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LOWENSTEIN, RICHARD: HE DIED WITH A FELAFEL IN HIS HAND

USE THE FORCE
Filmmaking is a more powerful force than stories by the fire, Richard Lowenstein tells Andrew L. Urban, and Australians should be using its powers to tackle bigger subjects.

Richard Lowenstein believes that the power of cinema has greater power and potential “than sitting by the fire and telling great yarns. Some people say we filmmakers are but simple story tellers, but I think it’s more than that.” Because of that, he wants to “take audiences on a cinematic journey in visual and aural ways, also to entertain them with not only linear but episodic ways.”

That’s what he tried to do with his latest film, He Died With A Felafel In His Hand, starring Noah Taylor as a neurotic obsessive would-be writer, having troubles sharing his 47th house with others. “I hope to appeal to people tired of conventional movies. That’s what appealed to audiences with films like Pulp Fiction and The Usual Suspects – a combination of things, of different ways of telling stories in cinema. That’s where some of the film’s references come from, also from the French New Wave….you don’t have to signal them, they’re just understood. I’m also a great fan of silent comedies…they show how you can tell a story without dialogue.”

"a quickie film project ... before knuckling down to something meatier"

Originally, He Died With A Felafel In His Hand was meant to be a quickie film project (it ended up taking five years) before knuckling down to something meatier, by way of a political anti-conspiracy theory movie he’s been developing for years, called Phreakz. It is based on a true story of a female computer hacker, and deals with the complicity of the American and Australian intelligence services. “It’s more of a chaos theory than conspiracy theory,” he says. Phreakz is a term for people who acquire computer passwords by masquerading as someone else on telephones.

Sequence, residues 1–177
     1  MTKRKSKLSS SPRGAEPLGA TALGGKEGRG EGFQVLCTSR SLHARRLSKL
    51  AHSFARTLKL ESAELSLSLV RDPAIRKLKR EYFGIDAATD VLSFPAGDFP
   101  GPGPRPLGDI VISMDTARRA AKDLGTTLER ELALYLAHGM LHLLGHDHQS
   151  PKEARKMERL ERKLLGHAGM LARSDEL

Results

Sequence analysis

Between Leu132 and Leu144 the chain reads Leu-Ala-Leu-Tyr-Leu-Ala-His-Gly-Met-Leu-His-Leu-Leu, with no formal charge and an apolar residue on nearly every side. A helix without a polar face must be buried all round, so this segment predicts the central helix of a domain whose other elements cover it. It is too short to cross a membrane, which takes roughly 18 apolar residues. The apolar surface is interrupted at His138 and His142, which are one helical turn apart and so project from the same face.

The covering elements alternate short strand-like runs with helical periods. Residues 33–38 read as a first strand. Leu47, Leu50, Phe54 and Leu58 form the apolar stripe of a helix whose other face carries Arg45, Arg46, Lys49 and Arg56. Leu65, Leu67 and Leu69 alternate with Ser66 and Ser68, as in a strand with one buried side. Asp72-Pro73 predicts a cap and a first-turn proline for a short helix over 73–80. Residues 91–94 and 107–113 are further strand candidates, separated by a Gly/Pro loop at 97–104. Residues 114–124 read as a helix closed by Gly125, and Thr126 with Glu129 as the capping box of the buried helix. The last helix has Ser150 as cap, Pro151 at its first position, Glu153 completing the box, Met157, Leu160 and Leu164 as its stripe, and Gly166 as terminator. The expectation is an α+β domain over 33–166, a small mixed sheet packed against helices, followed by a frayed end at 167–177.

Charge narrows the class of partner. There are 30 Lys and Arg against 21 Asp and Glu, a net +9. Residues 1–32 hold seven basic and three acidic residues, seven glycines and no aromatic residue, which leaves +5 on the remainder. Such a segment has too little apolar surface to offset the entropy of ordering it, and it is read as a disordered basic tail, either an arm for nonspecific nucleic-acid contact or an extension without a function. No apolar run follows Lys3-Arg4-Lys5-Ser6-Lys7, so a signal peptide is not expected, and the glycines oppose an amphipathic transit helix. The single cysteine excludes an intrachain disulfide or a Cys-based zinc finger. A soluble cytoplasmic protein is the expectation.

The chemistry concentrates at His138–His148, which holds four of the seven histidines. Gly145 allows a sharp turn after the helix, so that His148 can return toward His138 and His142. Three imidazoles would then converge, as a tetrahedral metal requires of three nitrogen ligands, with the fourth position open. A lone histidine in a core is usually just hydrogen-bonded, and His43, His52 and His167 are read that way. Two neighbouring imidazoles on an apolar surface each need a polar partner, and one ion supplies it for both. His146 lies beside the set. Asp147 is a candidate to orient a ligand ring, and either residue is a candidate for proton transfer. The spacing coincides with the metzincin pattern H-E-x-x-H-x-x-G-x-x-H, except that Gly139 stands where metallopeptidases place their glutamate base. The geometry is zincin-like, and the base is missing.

Noah Taylor will again play a leading role, this time as the ex-hacker who is tracking down the lady hacker. “It’s an amazing female role,” he says.

"We make some groundbreaking documentaries, but not drama features."

Lowenstein is critical of Australia’s lack of feature films with bite. “We make some groundbreaking documentaries, but not drama features. We tend to leave the political thrillers to the Americans and the social realism to the British – who also make films like The Killing Fields and Welcome to Sarajevo. We’ve got stories like East Timor on our doorstep yet we seem afraid of tackling that. It was the Americans who made Missing, about the political chaos of Chili – they also visited the stories of Vietnam. We shy away from that material – and that’s a bit depressing. Although there are a few exceptions, like The Year of Living Dangerously and Ground Zero.”

Together with writer John Birmingham (He Died With A Felafel In His Hand), Lowenstein is also working on a film about East Timor, to put his filmmaking money where his mouth is.

Published August 30, 2001

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